White Arkitekter has designed a development that could bring life to the uninhabited hillsides of the Faroe Islands, an archipelago that forms part of Denmark.
The Scandinavian architecture firm won the "Vertical Challenge" category of the Nordic Built Cities competition, which called for a family housing development on Runavik. The island is one of 18 that lies between Iceland, Scotland, and Norway in the North Atlantic Ocean and is known for its steep terrains, strong winds, and geothermal heat.
The Eyes of Runavik development comprises five blocks of ring-shaped, three-story buildings with 100 homes in total. Each building will be built using timber and local sheep's wool and will have an area measuring almost 190,000 square feet. The five structures will connect to each other and the town through pedestrian pathways.
The innovative building designs create a distinct harmony between nature and man-made additions and are intended to have a low impact on the island terrain. The design calls for a less-invasive building technique than is used in the traditional stone foundations found elsewhere on the islands, attempting to mold to the natural contours of the landscape with minimal foundation work. The angled green roofs on each building, for example, mimic the island's sloping terrain.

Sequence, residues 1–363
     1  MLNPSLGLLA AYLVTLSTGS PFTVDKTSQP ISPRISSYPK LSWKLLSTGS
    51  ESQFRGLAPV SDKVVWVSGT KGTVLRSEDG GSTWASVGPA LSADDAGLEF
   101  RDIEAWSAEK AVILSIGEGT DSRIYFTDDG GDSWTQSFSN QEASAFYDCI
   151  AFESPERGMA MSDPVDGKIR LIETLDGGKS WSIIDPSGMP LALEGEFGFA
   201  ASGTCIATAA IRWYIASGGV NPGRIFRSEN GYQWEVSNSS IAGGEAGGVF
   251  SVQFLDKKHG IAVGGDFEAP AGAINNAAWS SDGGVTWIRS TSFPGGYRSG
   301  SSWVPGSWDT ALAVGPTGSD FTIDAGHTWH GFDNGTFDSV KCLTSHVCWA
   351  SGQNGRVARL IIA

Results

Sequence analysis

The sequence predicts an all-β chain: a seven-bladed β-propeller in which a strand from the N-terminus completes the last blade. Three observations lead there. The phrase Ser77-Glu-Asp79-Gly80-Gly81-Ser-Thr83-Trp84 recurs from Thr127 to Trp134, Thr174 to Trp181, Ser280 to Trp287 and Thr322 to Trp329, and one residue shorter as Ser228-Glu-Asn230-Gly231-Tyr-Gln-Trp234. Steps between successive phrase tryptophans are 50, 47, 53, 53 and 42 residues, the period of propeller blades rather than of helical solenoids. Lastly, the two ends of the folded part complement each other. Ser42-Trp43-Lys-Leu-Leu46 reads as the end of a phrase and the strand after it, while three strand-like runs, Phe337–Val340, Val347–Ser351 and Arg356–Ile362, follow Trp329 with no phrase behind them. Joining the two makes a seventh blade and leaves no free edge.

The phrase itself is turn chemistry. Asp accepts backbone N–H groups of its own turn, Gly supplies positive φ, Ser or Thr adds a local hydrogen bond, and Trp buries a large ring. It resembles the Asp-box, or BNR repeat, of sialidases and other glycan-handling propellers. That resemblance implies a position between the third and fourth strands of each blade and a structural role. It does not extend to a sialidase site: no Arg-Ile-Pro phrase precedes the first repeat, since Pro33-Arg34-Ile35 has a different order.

Drawing on historical farming methods for inspiration, the inside of each building ring is designed to have its own microclimate in which residents can cultivate crops; the outside is surrounded by a meadow and left undisturbed by construction. The structure of the buildings will also protect the crops from the island’s vicious winds and allow residents to enjoy time outside while being shielded from the elements.
An additional goal of the project is to create a net-zero community, with the dwellings employing Passive House building standards and renewable-energy techniques.
The competition jury recognized The Eyes of Runavik's scheme for "creating new thinking in relation to traditional construction in Runavik."